2006 Bentley Continental Flying Spur by TCC Team (4/29/2005)
The Flying B takes wing.
The ultra-luxury end of the automotive market was long an exclusive club, with few manufacturers competing for a limited, extraordinarily affluent clientele. But in recent years, there’s been an explosion of offerings, including new brand names, such as DaimlerChrysler’s Maybach and Volkswagen’s reborn Bugatti.
So far, with relatively rare exception, the market has responded with a yawn. Maybach and the segment’s icon, Rolls-Royce, have fallen far short of sales expectations with new models. The notable exception has been Bentley, Rolls’ longtime sibling and now a subsidiary of Volkswagen AG.
Demand for the new Bentley Continental GT, a $150,000 luxury sports coupe, has been so strong that the automaker is struggling under the weight of a ten-month backlog. It will soon expand production from its home plant in Crewe, England, to Dresden, Germany, sharing the same assembly line with VW’s slow-selling Phaeton sedan.
Last year, Bentley sales — which include older models, such as the Arnage — topped 6000, an all-time record. And with the expansion of production capacity and the addition of the new GT spin-off, the four-door Continental Flying Spur, sales are likely to nudge 8000 this year. That’s getting close to the longer-term target of 10,000 cars a year.
“We could easily do 50,000” by moving down-market, much like the high-line British marque, Aston Martin, is doing, Bentley CEO Franz-Josef Paefgen suggested during an interview at the launch of the Flying Spur. But, he was quick to add, “It is not a question of how many we could make, but how many we will choose to make.”
Balancing the checkbooks
There’s a delicate balance at work here, Bentley officials caution, between volume and exclusivity. So far, the Continental GT seems to be riding the line quite successfully. It has become a must-have among those who can literally afford to drive anything they want, including the likes of basketball legend Michael Jordan, who calls his GT his favorite car.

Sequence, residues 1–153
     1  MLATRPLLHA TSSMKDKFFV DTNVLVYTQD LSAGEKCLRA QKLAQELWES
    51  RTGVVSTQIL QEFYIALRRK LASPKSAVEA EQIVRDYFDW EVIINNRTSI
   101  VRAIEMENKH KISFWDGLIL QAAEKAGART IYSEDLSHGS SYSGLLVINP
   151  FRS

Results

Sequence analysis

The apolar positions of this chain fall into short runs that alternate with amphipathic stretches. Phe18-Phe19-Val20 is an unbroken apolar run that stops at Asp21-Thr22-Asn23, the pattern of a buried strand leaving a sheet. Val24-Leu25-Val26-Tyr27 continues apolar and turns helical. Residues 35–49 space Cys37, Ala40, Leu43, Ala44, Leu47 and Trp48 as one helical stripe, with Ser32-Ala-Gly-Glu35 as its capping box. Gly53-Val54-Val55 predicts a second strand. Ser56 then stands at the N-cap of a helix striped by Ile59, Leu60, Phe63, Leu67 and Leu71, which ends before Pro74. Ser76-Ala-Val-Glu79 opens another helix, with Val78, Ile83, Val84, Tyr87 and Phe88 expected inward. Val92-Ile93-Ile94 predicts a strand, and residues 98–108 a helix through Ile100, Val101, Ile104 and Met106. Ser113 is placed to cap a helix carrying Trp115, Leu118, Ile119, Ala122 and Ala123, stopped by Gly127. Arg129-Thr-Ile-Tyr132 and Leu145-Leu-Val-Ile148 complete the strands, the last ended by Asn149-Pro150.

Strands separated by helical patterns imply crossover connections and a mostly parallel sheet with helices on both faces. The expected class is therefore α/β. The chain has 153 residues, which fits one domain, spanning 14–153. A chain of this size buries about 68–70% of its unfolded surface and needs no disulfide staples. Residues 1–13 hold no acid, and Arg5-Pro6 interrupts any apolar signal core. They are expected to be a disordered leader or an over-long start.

The sporty coupe’s chrome, crosshatch grille has become something of an icon among bling babies, appearing in rap videos and on red carpets. That’s not exactly the tea and crumpets set one traditionally associates with British luxury cars, but Adrian Hallmark, the board member in charge of sales, is happy to take their money.
“I don’t have to love every customer or appreciate what they do,” he said with a broad grin. “We try not to sell to despots and terrorists, but other than that, I can’t choose our customers.”
Perhaps the most telling indication of Bentley’s current appeal is the fact that look-alike grilles are one of the year’s hot aftermarket item. They conveniently bolt onto another hot product, the decidedly more downmarket Chrysler 300 sedan.
With the success of the Continental GT, and the warm early reviews given the Flying Spur, it might be easy for Bentley to abandon its older, more traditional models. But even though it’s selling less than 1000 copies of the Arnage each year, the sedan remains, at $220,000, a highly profitably part of the portfolio, according to Hallmark. And it draws a distinctly different sort of customer than the GT or Flying Spur, somebody looking for what might be called the ultimate statement of success.